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Beachent History, Family Crest & Coats of Arms



The name Beachent reached English shores for the first time with the ancestors of the Beachent family as they migrated following the Norman Conquest of 1066. The Beachent family lived in Bedfordshire, Buckingham, and Hertfordshire. The geographical roots of the name, however, were established prior to the family's presence in Britain, and stem from the Old French Beauchamps, which refers to towns of that name in Manche and Somme.


Early Origins of the Beachent family


The surname Beachent was first found in Bedfordshire, Buckingham, and Hertford, where the name was "introduced into England at the Norman Conquest by Hugo de Beauchamp, or de Bello Campo, to whom William [the Conqueror] gave 43 lordships, chiefly in the county of Bedford. " [1]CITATION[CLOSE]
Lowe, Mark Anthony, Patronymica Britannica, A Dictionary of Family Names of the United Kingdom. London: John Russel Smith, 1860. Print.

Linslade in Buckinghamshire has a long-time association with the family. "This place in the reign of Henry III. belonged to William de Beauchamp, to whom, in 1251, that monarch granted the privilege of a market on Thursday, and a fair on Lady-day to continue for eight days." [2]CITATION[CLOSE]
Lewis, Samuel, A Topographical Dictionary of England. Institute of Historical Research, 1848, Print.

Roothing-Beauchamp, a parish, in the union and hundred of Ongar, S. division of the county of Essex " takes the affix to its name from William Beauchamp, proprietor of the manor in 1262." [2]CITATION[CLOSE]
Lewis, Samuel, A Topographical Dictionary of England. Institute of Historical Research, 1848, Print.

Another branch was found at early times in the parish of Shrawley in Worcestershire. "This place belonged to Ralph de Todeni, who was standardbearer to William at the battle of Hastings, and whose family held the lands till the time of Edward II., when they passed to the family of Guy Beauchamp, Earl of Warwick." [2]CITATION[CLOSE]
Lewis, Samuel, A Topographical Dictionary of England. Institute of Historical Research, 1848, Print.

Also in Worcestershire, a branch of the family was found at Bengeworth. "The manor [of Bengeworth] anciently belonged to the Beauchamp family, whose baronial castle, situated near the bridge, was in the twelfth century destroyed by William d'Anville, abbot of Evesham, in retaliation for depredations committed by the owner on his monastery." [2]CITATION[CLOSE]
Lewis, Samuel, A Topographical Dictionary of England. Institute of Historical Research, 1848, Print.


Early History of the Beachent family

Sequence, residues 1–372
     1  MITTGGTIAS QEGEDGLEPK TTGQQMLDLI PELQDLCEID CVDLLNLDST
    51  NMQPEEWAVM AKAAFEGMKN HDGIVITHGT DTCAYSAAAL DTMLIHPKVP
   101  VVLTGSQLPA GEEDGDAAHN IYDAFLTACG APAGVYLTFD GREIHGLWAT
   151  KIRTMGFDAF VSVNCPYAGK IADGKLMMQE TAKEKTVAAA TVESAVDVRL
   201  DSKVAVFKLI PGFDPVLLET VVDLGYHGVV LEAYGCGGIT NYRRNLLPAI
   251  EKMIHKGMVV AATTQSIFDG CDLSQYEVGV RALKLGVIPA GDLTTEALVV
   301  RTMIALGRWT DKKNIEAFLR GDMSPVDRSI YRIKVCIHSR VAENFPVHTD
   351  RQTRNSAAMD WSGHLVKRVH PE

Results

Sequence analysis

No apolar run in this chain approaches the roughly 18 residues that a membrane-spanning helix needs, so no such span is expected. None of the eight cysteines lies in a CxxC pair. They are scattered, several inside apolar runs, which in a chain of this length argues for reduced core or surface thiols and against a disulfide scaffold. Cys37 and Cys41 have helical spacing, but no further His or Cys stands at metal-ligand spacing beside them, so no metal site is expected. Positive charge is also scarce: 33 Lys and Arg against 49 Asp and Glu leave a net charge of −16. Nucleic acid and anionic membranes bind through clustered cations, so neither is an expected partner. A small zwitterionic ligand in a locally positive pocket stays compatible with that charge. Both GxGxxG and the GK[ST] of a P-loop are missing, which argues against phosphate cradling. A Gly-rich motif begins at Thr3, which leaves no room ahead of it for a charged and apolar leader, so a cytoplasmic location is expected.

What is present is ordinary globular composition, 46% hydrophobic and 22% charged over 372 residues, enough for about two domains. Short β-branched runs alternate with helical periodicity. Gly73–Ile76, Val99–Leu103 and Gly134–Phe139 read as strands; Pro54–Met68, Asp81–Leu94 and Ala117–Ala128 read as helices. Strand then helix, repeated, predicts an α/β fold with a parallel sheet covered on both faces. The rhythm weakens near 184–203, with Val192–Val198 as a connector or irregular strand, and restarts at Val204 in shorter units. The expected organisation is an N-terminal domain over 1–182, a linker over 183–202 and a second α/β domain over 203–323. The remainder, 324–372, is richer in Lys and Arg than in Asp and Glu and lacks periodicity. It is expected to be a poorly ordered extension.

This web page shows only a small excerpt of our Beachent research.
Another 70 words (5 lines of text) covering the years 1369, 1338, 1401, 1343, 1411, 1392, 1445, 1592 and 1655 are included under the topic Early Beachent History in all our PDF Extended History products and printed products wherever possible.

Beachent Spelling Variations


Before the advent of the printing press and the first dictionaries, the English language was not standardized. Sound was what guided spelling in the Middle Ages, so one person's name was often recorded under several variations during a single lifetime. Spelling variations were common, even among the names of the most literate people. Known variations of the Beachent family name include Beauchamp, Beauchamps, Beacham, Beecham and others.

Early Notables of the Beachent family (pre 1700)


Outstanding amongst the family at this time was the Earls of Warwick, such as Thomas de Beauchamp, 11th Earl of Warwick (d. 1369), who was an English nobleman and a military commander during the Hundred Years' War; Thomas de Beauchamp, 12th Earl of Warwick, (1338-1401), English medieval nobleman, and one of...
Another 77 words (6 lines of text) are included under the topic Early Beachent Notables in all our PDF Extended History products and printed products wherever possible.

Migration of the Beachent family to the New World and Oceana


To escape the political and religious chaos of this era, thousands of English families began to migrate to the New World in search of land and freedom from religious and political persecution. The passage was expensive and the ships were dark, crowded, and unsafe; however, those who made the voyage safely were encountered opportunities that were not available to them in their homeland. Many of the families that reached the New World at this time went on to make important contributions to the emerging nations of the United States and Canada. Research into various historical records has revealed some of first members of the Beachent family to immigrate North America: Edward Beauchamp, a Huguenot and Freeman, who settled in Salem, Massachusetts in 1643; James Beacham, who arrived in Barbados in 1685; John Beacham, who settled in New England in 1698.

Beachent Family Crest Products



See Also



Citations


  1. ^ Lowe, Mark Anthony, Patronymica Britannica, A Dictionary of Family Names of the United Kingdom. London: John Russel Smith, 1860. Print.
  2. ^ Lewis, Samuel, A Topographical Dictionary of England. Institute of Historical Research, 1848, Print.


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